Progressives protest Biden's bipartisan attempt to pass infrastructure plan
Nearly 50 youth activists, ranging in age from 13 to 30 years old, protested outside of the White House Friday morning demanding Democrats pass an infrastructure plan without bipartisan support.
Members of the youth-led climate group Sunrise Movement held signs that said "Our Future Is Not Negotiable" and "Biden No Compromise No Excuse."
Progressive groups such as Sunrise are calling on President Joe Biden to pay more attention to their demands and less to those of congressional Republicans. Sunrise wants the president to stop negotiating with the GOP.
"Biden moved towards us, promising us a future, and in exchange, we worked tirelessly to get him elected. We held up our side of the deal, but now that Biden is in power, that promise of co-governance with progressives and young people has disappeared. He's spent more of his time meeting with a Republican Party who to this day contests he is the democratically elected president," said Varshini Prakash, Sunrise's leader, in a news release Friday.
Prakash was part of the "Biden-Sanders Unity Task Force" on climate last summer, a coalition formed by the campaigns to signal Mr. Biden's willingness to adopt a more progressive vision.
Mr. Biden met with West Virginia Senator Shelly Moore Capito, who is leading the negotiations for Republicans, twice this week and is set to do so again Monday. His $2 trillion proposal, the "American Jobs Plan," would rebuild the nation's infrastructure and adopt a green economy through the creation of green union jobs, while Capito and her colleagues have countered with a $257 billion proposal for new spending on public works alone.
Other activists who spoke to CBS News said Mr. Biden is negotiating in the wrong direction and are worried he will concede too much to Republicans, squandering a chance to pass a bold bill that would rebuild infrastructure and combat the climate crisis while transitioning the country to a green economy.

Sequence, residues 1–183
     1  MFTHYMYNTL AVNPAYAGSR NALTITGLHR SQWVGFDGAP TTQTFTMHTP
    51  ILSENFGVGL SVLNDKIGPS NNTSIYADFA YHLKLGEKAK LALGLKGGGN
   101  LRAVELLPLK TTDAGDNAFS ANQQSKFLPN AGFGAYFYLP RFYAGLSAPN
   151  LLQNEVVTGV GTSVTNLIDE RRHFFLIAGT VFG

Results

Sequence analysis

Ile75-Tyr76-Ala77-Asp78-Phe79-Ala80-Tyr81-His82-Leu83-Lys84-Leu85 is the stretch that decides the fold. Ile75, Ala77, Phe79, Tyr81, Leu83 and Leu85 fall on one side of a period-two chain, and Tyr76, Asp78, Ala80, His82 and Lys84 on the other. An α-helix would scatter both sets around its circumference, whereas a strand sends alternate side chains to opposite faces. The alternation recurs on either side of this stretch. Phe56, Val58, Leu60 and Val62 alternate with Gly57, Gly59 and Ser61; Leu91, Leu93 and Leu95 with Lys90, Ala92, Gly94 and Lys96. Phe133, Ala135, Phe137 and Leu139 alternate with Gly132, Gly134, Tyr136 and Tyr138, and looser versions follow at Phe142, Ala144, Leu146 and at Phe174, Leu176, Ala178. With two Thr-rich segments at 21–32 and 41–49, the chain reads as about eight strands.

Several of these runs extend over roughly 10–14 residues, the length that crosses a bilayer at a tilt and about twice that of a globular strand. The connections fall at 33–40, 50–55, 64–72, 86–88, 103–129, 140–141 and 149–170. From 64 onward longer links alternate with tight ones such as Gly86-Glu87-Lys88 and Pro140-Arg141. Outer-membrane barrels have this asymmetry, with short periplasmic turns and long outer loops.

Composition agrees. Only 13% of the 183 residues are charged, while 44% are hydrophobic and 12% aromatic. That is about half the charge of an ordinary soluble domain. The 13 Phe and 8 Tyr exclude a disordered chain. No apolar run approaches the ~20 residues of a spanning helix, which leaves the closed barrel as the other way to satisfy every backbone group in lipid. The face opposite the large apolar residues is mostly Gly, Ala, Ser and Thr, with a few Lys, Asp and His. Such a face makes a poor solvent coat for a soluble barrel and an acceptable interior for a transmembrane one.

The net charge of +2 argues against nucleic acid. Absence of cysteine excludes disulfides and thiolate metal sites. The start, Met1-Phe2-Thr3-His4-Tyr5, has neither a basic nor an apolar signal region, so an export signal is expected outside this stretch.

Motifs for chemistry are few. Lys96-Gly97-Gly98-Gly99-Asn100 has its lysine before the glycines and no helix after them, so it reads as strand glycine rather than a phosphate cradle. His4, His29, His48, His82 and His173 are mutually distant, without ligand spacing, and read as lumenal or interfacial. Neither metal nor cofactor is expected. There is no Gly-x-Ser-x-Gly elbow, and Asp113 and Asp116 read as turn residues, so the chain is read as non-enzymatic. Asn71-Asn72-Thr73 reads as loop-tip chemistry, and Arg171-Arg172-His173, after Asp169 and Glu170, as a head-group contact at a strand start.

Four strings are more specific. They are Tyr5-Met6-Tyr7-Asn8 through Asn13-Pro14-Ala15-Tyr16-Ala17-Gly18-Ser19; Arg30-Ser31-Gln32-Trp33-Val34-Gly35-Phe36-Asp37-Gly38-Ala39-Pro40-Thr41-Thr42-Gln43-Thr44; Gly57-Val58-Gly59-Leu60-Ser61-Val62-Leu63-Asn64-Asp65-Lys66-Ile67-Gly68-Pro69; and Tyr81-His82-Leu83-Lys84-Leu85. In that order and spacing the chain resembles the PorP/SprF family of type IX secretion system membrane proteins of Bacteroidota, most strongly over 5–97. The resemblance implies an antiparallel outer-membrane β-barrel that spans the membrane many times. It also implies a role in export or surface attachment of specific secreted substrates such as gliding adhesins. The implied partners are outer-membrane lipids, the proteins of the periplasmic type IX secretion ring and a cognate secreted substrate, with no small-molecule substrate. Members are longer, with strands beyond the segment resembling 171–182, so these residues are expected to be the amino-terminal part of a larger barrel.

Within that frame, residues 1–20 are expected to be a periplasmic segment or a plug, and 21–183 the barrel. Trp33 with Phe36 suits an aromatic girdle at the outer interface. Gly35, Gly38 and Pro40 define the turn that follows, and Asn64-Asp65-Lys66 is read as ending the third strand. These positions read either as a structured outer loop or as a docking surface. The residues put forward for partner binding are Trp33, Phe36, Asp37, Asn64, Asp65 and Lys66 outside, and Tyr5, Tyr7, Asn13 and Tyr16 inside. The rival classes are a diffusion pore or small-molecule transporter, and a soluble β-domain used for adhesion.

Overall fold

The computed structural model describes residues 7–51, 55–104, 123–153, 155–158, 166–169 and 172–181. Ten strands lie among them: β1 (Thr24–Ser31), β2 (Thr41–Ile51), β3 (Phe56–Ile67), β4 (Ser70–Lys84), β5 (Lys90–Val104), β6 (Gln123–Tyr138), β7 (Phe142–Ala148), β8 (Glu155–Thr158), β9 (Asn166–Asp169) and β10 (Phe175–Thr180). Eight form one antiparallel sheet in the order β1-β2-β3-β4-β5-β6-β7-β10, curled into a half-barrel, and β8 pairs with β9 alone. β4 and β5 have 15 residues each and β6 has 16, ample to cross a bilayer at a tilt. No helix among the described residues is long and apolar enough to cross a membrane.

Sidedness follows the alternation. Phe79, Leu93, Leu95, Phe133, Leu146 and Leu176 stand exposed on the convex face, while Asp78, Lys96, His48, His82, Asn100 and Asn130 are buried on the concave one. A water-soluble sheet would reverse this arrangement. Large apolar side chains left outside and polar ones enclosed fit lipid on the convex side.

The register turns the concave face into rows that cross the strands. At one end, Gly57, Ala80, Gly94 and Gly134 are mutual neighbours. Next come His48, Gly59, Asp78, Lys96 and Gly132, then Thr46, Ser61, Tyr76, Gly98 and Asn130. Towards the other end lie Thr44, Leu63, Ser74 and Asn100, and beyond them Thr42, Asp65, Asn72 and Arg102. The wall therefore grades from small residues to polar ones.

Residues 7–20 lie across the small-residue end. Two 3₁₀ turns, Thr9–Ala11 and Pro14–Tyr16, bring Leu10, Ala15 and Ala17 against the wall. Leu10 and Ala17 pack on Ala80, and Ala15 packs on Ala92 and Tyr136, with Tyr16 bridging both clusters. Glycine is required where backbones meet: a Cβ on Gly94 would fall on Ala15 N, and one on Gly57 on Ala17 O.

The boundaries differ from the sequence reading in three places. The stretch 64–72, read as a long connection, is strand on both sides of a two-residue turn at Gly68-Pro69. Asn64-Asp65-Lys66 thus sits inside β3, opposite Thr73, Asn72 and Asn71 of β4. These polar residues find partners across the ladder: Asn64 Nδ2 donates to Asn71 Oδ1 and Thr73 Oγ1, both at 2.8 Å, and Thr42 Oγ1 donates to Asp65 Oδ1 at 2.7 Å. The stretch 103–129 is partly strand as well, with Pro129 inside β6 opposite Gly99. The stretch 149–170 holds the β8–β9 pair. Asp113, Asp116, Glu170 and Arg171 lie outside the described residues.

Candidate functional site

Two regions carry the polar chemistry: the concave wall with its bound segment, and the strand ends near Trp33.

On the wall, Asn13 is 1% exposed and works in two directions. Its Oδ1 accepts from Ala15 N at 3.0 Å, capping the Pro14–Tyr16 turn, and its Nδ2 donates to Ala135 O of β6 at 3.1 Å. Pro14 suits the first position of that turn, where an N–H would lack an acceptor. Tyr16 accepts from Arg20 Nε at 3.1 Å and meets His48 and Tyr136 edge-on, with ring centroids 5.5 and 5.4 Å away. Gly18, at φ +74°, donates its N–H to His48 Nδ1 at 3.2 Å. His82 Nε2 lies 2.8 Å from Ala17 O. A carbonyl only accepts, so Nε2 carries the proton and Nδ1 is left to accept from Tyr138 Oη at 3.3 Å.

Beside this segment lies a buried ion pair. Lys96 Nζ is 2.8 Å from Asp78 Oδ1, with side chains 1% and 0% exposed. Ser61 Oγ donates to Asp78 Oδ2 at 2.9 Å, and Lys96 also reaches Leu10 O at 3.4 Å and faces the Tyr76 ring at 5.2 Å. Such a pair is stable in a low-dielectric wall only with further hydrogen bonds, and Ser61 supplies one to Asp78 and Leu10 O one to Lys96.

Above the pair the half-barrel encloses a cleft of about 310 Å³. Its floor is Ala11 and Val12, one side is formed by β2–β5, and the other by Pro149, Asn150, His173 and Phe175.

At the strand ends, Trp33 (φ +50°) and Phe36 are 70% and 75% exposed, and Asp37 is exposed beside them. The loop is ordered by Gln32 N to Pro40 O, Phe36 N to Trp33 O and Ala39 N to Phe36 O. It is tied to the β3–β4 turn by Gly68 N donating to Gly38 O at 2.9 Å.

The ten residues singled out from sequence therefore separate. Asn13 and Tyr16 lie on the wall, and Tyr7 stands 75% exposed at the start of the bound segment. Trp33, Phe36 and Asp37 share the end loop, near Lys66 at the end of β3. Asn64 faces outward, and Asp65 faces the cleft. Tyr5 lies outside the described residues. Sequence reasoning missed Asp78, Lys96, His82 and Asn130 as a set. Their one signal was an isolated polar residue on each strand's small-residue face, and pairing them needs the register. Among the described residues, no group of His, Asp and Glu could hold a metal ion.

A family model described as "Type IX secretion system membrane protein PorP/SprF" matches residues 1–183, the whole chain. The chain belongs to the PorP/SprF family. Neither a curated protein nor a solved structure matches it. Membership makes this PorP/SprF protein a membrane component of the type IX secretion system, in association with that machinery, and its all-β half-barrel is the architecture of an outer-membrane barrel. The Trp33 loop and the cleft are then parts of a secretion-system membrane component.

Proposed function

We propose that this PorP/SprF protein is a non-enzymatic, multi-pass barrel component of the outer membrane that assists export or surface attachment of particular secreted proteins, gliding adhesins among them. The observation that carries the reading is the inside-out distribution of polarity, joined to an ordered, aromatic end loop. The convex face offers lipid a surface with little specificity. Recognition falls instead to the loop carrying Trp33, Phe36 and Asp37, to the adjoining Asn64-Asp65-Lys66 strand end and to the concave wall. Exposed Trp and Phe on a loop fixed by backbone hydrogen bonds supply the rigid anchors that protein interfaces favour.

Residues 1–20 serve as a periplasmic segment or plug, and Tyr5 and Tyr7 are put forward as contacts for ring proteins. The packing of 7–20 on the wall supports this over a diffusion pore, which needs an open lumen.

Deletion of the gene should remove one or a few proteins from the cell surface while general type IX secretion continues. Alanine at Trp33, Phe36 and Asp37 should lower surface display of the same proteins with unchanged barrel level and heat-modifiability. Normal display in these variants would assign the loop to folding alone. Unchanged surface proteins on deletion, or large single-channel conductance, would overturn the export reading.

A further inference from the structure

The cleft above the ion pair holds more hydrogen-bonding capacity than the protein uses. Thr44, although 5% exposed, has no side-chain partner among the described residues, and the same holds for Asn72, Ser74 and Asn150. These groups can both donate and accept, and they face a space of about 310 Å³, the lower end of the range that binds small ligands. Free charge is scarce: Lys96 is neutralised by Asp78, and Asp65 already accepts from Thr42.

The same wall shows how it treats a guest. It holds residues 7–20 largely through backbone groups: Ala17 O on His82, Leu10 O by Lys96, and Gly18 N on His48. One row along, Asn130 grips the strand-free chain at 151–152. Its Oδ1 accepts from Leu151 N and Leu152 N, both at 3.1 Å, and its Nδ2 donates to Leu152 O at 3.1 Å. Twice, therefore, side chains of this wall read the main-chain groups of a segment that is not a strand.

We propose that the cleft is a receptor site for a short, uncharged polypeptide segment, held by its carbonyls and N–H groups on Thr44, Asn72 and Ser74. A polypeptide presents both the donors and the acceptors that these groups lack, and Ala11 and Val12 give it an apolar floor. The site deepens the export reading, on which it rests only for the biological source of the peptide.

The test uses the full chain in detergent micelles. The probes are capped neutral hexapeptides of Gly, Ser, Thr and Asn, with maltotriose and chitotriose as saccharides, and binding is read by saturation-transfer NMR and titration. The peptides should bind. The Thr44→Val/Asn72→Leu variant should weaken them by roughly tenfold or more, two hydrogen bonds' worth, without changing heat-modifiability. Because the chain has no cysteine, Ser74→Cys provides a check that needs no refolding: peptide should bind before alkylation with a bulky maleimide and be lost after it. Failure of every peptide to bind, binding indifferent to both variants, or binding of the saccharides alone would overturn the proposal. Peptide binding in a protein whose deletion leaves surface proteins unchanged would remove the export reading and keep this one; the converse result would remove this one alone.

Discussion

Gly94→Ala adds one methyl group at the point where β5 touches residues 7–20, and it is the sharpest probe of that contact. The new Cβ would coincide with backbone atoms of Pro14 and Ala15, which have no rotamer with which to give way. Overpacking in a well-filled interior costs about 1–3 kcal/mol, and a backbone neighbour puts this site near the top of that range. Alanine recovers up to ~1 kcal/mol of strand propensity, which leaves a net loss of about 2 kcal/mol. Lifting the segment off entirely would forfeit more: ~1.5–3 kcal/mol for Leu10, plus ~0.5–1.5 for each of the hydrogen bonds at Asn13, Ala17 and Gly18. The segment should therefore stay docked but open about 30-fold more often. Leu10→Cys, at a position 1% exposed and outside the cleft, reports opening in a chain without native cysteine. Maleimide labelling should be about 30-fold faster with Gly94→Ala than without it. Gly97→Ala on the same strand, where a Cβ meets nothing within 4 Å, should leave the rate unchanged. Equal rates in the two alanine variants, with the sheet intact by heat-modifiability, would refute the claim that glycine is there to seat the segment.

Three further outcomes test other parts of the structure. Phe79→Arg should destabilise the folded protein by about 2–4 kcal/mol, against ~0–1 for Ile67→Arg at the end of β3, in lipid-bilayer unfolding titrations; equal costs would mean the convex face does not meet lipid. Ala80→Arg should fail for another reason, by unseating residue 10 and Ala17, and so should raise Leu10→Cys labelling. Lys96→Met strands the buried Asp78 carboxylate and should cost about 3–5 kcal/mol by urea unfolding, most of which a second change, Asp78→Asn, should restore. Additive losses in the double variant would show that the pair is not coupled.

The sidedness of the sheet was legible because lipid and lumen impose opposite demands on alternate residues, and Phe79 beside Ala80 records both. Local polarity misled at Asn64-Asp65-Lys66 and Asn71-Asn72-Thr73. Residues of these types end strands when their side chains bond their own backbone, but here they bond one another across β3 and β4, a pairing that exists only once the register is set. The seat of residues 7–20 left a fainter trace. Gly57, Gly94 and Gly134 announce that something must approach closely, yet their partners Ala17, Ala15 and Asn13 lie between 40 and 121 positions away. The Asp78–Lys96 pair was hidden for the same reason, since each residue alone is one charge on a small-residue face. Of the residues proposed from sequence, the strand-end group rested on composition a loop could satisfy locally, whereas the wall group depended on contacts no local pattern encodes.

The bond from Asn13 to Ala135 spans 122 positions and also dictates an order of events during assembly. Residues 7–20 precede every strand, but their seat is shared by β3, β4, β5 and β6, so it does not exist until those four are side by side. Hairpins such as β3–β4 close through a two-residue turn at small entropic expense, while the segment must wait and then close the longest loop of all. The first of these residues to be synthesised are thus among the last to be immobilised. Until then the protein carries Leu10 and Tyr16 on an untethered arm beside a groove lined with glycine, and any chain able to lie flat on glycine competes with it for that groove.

"This is not only about investing in jobs, we have a natural climate emergency going on around us, and it really frightens me frankly, that, that Biden would start from a place that is so much weaker than what we need," said Janet Redman, director of Greenpeace USA's climate campaign.
"Honestly, what I feel is a bit of frustration, some disappointment and some fear that we are going to see the kind of business as usual; a repeat of the administration that we had eight years ago," she said, adding that Mr. Biden could not claim to be a "climate champion" if he were to pass a bipartisan infrastructure bill.
The progressive Green New Deal Network, comprising 15 organizations including the Sunrise Movement, Sierra Club and Greenpeace, is trying to push Mr. Biden to the left.
As members of Congress returned home this week, groups in the network staged protests outside of members' local offices. On Thursday, numerous events in Illinois, Maine, North Carolina, Pennsylvania and more aimed at sending a message to specific lawmakers.
"[Capito has] been in negotiations with the White House and we think that now is not the time to be negotiating away our future," said Ryan Frankenberry, state director of the West Virginia Working Families Party, part of the network.
On Thursday, the party organized events outside of all four of Capito's West Virginia offices.
"We just want to make sure that we are elevating the issues and making public awareness that [she] is leading in these negotiations and she can deliver for West Virginia, but the question is will she," Frankenberry said.
The groups have all endorsed the THRIVE Act, a proposed recovery plan that would invest at least $1 trillion per year on infrastructure, green jobs and racial equity over the next 10 years.
The THRIVE Act represents the true "vision" of rebuilding the country through a green and equitable agenda, said Melinda Pierce, legislative director at Sierra Club. But passing the American Jobs Plan as the White House presented it, she argues, would be greatly progressive.
For now, Pierce said Mr. Biden's negotiating tactics have demonstrated his desire to publicly present a good faith attempt at bipartisanship but that his "patience is not infinite."
Transportation Secretary Pete Buttigieg has said that a clear direction for the infrastructure plan needs to be in place by Monday, June 7. Pierce said the new week ought to mark an end to Mr. Biden entertaining the GOP negotiations.
"The bipartisan effort needs to end Monday," she said. "If I'm wrong I will jump in the ocean."
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